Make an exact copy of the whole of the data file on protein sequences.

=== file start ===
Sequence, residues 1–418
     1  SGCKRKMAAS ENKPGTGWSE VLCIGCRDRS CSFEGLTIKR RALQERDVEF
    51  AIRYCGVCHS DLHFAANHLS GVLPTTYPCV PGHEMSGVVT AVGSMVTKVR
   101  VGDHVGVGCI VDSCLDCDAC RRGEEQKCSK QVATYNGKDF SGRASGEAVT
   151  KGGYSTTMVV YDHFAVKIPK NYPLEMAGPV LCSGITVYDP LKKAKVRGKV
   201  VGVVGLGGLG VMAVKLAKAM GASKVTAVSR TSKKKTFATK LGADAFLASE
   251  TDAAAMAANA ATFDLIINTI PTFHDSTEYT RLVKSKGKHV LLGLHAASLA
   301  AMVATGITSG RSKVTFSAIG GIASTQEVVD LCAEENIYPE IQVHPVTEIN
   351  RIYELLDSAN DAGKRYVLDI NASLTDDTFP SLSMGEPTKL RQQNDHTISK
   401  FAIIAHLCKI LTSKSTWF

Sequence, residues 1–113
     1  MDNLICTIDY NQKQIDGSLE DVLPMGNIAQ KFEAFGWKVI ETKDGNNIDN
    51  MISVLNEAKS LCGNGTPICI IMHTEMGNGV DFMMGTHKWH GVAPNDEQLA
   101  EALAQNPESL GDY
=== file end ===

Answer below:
Sequence, residues 1–418
     1  SGCKRKMAAS ENKPGTGWSE VLCIGCRDRS CSFEGLTIKR RALQERDVEF
    51  AIRYCGVCHS DLHFAANHLS GVLPTTYPCV PGHEMSGVVT AVGSMVTKVR
   101  VGDHVGVGCI VDSCLDCDAC RRGEEQKCSK QVATYNGKDF SGRASGEAVT
   151  KGGYSTTMVV YDHFAVKIPK NYPLEMAGPV LCSGITVYDP LKKAKVRGKV
   201  VGVVGLGGLG VMAVKLAKAM GASKVTAVSR TSKKKTFATK LGADAFLASE
   251  TDAAAMAANA ATFDLIINTI PTFHDSTEYT RLVKSKGKHV LLGLHAASLA
   301  AMVATGITSG RSKVTFSAIG GIASTQEVVD LCAEENIYPE IQVHPVTEIN
   351  RIYELLDSAN DAGKRYVLDI NASLTDDTFP SLSMGEPTKL RQQNDHTISK
   401  FAIIAHLCKI LTSKSTWF

Sequence, residues 1–113
     1  MDNLICTIDY NQKQIDGSLE DVLPMGNIAQ KFEAFGWKVI ETKDGNNIDN
    51  MISVLNEAKS LCGNGTPICI IMHTEMGNGV DFMMGTHKWH GVAPNDEQLA
   101  EALAQNPESL GDY